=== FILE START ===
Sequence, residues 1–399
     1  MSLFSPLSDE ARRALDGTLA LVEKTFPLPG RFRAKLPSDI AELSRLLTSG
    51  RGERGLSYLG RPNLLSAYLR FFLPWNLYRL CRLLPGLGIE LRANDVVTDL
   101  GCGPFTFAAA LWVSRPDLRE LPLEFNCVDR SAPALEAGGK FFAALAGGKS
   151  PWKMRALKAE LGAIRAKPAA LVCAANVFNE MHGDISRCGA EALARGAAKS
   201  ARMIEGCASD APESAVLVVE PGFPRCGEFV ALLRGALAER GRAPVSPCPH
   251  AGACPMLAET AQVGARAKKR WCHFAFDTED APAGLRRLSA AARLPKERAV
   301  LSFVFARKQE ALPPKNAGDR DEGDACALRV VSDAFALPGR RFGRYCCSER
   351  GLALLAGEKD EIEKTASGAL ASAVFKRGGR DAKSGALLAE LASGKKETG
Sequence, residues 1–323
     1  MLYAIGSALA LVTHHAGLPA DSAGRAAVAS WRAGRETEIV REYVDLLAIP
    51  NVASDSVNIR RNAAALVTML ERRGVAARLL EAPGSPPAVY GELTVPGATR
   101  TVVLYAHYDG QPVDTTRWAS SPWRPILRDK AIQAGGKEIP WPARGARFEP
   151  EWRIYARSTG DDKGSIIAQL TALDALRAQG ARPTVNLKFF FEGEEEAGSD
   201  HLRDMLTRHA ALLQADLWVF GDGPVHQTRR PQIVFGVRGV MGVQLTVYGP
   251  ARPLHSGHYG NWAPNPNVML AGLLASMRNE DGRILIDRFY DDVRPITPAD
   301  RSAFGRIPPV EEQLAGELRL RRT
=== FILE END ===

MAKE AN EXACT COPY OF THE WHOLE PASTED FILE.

Sequence, residues 1–399
     1  MSLFSPLSDE ARRALDGTLA LVEKTFPLPG RFRAKLPSDI AELSRLLTSG
    51  RGERGLSYLG RPNLLSAYLR FFLPWNLYRL CRLLPGLGIE LRANDVVTDL
   101  GCGPFTFAAA LWVSRPDLRE LPLEFNCVDR SAPALEAGGK FFAALAGGKS
   151  PWKMRALKAE LGAIRAKPAA LVCAANVFNE MHGDISRCGA EALARGAAKS
   201  ARMIEGCASD APESAVLVVE PGFPRCGEFV ALLRGALAER GRAPVSPCPH
   251  AGACPMLAET AQVGARAKKR WCHFAFDTED APAGLRRLSA AARLPKERAV
   301  LSFVFARKQE ALPPKNAGDR DEGDACALRV VSDAFALPGR RFGRYCCSER
   351  GLALLAGEKD EIEKTASGAL ASAVFKRGGR DAKSGALLAE LASGKKETG
Sequence, residues 1–323
     1  MLYAIGSALA LVTHHAGLPA DSAGRAAVAS WRAGRETEIV REYVDLLAIP
    51  NVASDSVNIR RNAAALVTML ERRGVAARLL EAPGSPPAVY GELTVPGATR
   101  TVVLYAHYDG QPVDTTRWAS SPWRPILRDK AIQAGGKEIP WPARGARFEP
   151  EWRIYARSTG DDKGSIIAQL TALDALRAQG ARPTVNLKFF FEGEEEAGSD
   201  HLRDMLTRHA ALLQADLWVF GDGPVHQTRR PQIVFGVRGV MGVQLTVYGP
   251  ARPLHSGHYG NWAPNPNVML AGLLASMRNE DGRILIDRFY DDVRPITPAD
   301  RSAFGRIPPV EEQLAGELRL RRT